Lower gastrointestinal hemorrhage may arise from colonic diverticuli, and it can be massive. Because of the frequency of colonic diverticulosis bleeding colonic diverticulosis is one of the more common forms of lower gastrointestinal hemorrhage.


Features of bleeding colonic diverticuli:

(1) Bleeding is more common from diverticuli in the right colon but can occur anywhere.

(2) Bleeding may range from minor to massive with shock.

(3) Most bleeding stops spontaneously.

(4) Some patients have recurring episodes of hemorrhage.

(5) Severe bleeding may occur in a patient with a coagulopathy, anticoagulation therapy or antiplatelet drug therapy.


Colonoscopy may be able to locate the site of bleeding if bleeding is not severe. Angiography may be able to locate the site of bleeding if colonoscopy cannot be performed..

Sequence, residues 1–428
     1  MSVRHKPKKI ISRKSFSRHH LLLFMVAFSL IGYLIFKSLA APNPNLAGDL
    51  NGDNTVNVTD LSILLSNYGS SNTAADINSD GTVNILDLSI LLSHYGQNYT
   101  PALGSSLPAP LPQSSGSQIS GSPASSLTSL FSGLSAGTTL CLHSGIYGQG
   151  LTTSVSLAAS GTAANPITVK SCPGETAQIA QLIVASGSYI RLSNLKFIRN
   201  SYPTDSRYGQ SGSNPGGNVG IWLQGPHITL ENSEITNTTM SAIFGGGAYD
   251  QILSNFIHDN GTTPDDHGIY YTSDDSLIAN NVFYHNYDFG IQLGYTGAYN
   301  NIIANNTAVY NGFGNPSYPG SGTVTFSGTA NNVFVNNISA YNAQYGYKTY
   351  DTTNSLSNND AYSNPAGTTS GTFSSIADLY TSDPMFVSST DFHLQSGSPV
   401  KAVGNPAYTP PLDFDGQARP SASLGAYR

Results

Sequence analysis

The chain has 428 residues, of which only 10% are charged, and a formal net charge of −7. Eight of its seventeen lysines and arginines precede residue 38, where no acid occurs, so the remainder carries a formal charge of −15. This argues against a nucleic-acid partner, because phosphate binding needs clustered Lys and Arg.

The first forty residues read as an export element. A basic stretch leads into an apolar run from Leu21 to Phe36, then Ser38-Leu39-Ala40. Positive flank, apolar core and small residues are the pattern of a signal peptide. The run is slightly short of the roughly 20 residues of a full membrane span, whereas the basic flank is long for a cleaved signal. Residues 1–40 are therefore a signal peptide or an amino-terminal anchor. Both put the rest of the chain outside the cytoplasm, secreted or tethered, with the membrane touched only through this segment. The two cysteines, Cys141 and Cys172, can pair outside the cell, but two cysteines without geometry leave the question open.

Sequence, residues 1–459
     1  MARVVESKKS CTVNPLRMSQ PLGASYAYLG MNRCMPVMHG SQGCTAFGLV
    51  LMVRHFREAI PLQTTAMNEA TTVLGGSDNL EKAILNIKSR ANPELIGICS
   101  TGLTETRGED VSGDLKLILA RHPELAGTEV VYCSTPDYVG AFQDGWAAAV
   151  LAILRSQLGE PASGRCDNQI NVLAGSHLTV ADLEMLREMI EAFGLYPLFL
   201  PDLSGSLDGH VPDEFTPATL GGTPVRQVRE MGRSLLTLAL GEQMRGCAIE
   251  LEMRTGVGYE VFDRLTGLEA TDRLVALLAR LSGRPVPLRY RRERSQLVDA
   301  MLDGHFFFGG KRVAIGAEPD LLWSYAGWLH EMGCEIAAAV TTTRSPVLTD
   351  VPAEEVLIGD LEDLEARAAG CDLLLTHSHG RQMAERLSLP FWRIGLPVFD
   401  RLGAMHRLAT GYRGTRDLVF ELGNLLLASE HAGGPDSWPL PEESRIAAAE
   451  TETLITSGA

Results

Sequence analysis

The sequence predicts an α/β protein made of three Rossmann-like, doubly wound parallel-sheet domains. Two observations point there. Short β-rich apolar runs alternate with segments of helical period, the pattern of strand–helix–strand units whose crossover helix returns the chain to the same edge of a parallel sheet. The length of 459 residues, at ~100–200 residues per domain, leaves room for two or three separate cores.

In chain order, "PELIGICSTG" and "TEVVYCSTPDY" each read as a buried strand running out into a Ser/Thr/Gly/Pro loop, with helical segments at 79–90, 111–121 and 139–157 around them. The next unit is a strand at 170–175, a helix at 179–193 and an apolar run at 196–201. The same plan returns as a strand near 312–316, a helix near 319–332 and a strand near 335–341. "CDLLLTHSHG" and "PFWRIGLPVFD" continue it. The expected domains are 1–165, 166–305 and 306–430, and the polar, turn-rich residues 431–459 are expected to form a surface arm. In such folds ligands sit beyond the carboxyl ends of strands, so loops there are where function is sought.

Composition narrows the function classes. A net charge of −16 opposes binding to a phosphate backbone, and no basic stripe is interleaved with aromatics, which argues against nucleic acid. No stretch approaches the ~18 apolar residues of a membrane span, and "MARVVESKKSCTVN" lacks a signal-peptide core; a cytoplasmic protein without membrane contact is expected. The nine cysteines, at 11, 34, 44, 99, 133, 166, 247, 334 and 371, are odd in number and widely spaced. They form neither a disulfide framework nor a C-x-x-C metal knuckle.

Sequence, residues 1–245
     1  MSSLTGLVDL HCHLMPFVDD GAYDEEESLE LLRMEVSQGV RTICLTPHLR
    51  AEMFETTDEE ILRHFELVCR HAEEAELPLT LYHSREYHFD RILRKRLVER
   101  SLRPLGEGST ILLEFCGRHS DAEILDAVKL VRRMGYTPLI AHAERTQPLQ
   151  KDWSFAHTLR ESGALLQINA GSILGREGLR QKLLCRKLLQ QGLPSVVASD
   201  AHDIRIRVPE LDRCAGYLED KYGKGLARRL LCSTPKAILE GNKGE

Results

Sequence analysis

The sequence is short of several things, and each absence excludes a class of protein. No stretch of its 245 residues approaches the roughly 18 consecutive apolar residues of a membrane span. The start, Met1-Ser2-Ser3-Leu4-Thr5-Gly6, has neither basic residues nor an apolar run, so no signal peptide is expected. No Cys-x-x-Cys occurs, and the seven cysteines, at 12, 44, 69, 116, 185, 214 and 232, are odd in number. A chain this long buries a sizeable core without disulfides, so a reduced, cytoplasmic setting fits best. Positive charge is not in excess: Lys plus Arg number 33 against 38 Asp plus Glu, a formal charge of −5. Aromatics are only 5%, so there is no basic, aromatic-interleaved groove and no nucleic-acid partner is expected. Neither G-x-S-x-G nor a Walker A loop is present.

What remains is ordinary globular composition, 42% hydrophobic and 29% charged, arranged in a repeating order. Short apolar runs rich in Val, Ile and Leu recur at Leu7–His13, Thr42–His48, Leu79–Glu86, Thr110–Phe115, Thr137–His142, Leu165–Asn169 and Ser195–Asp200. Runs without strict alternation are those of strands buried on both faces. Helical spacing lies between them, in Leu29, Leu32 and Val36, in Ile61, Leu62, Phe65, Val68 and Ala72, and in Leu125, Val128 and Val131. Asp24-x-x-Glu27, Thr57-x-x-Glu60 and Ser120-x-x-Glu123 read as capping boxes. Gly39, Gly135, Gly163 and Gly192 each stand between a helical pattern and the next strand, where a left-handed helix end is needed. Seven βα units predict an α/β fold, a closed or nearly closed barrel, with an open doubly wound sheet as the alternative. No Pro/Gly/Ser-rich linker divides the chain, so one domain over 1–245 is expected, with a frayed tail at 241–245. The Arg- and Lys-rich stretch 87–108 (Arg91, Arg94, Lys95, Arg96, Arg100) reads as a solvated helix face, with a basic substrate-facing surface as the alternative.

Injection of dilute epinephrine (1:10,000) about a bleeding diverticulum may stop the bleeding, at least temporarily. Thermocoagulation can be used if the bleeding vessel can be visualized.


Segmental resection may be indicated if:

(1) The bleeding is massive.

(2) The bleeding is recurrent or persistent.

(3) The site of bleeding can be identified or localized. Blind colon resection can be hazardous and may miss the site of bleeding.

(4) The patient has significant comorbid diseases.


Subtotal or total colectomy may be performed in exceptional cases.


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